Friday, August 20, 2010

Followup on Michigan State University plagiarism

The Grand Rapids Press gave some specifics on what has asserted to have been plagiarized in the report by a Michigan State researcher:

A 13-page portion of Shakrani's report discussing consolidation issues was criticized Wednesday by The Mackinac Center, a free-market think tank in Midland.

It said three paragraphs matched text in the federal Educational Resources Information Center digest, while four other paragraphs matched text in a recent report on, a public policy website affiliated with the Pew Charitable Trust. Several sentences and sentence fragments were also challenged as coming from a 2001 study by Syracuse University.

Earlier discussion of this matter-->

Michigian State plagiarizes?

Previous discussion of the Sticklen plagiarism matter at Michigan State University-->

Plagiarism by Michigan State professor

Michigan State still has a long way to go to catch up to Harvard Law School.

**A different post included the following:

But ethics and plagiarism experts said plagiarism itself puts a study in question.

"Dishonest conduct in the form of plagiarism undermines the credibility of the author and therefore the study, even though the study might have been considered brilliant if the author had given proper attribution to its source material," said Alec Rothrock, a legal ethics lawyer in Colorado, in an email.

This point of view is, of course, distinct from that of Stanley Fish, who supports the concept of contextual plagiarism.

***As to Harvard Law, among other things, see a reminder of l'affaire Tribe:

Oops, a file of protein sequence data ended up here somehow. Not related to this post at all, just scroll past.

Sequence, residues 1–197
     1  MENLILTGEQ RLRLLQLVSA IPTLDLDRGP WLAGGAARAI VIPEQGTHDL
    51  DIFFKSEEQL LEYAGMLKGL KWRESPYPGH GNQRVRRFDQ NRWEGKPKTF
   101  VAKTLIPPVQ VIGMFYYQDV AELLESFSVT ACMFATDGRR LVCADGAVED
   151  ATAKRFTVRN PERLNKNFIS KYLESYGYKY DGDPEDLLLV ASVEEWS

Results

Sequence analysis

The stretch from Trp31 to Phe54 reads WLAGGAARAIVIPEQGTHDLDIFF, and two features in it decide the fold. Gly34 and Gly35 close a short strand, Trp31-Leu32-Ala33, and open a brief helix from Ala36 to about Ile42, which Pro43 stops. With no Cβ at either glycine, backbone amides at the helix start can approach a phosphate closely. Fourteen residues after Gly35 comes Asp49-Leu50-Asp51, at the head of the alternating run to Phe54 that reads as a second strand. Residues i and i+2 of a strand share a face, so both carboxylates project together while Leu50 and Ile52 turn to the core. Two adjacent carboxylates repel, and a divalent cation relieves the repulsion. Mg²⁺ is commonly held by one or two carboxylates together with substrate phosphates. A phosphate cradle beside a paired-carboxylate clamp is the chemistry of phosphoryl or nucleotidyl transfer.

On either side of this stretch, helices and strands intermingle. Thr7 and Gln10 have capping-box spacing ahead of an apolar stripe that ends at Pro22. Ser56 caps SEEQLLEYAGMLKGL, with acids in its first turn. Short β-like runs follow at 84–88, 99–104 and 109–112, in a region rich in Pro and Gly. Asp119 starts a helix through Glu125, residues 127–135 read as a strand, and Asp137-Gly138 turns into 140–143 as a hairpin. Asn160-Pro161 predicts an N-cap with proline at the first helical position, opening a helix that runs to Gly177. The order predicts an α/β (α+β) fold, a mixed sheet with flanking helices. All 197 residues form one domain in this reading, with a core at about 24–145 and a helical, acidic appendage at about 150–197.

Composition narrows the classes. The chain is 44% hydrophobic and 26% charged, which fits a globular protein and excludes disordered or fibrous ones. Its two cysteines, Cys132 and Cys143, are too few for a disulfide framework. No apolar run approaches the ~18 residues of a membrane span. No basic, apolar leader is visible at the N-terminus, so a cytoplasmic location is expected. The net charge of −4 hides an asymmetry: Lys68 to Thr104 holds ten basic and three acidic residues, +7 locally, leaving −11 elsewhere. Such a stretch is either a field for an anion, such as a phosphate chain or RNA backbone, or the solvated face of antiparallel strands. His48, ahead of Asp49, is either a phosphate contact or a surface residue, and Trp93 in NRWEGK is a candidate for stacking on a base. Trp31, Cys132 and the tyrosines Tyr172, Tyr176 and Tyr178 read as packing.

If, for example, you are Laurence Tribe in 1984, Harvard professor of law, leftist pillar of the establishment, you can "write" your magnum opus by using the products of your student assistant, Ron Klain. A decade later, after Klain admits to having written some parts of the book, and the other parts are found to be verbatim or paraphrases of a book published in 1974, you can claim (perhaps correctly) that your plagiarism was "inadvertent," and you can count on the Law School's dean, Elena Kagan, to appoint a committee including former and future Harvard president Derek Bok that issues a secret report that "closes" the incident. Incidentally, Kagan ends up a justice of the Supreme Court. Not one of these people did their jobs: the professor did not write the book himself, the assistant plagiarized instead of researching, the dean and the committee did not hold the professor accountable, and all ended up rewarded. By contrast, for example, learned papers and distinguished careers in climatology at MIT (Richard Lindzen) or UVA (S. Fred Singer) are not enough for their questions about "global warming" to be taken seriously. For our ruling class, identity always trumps.


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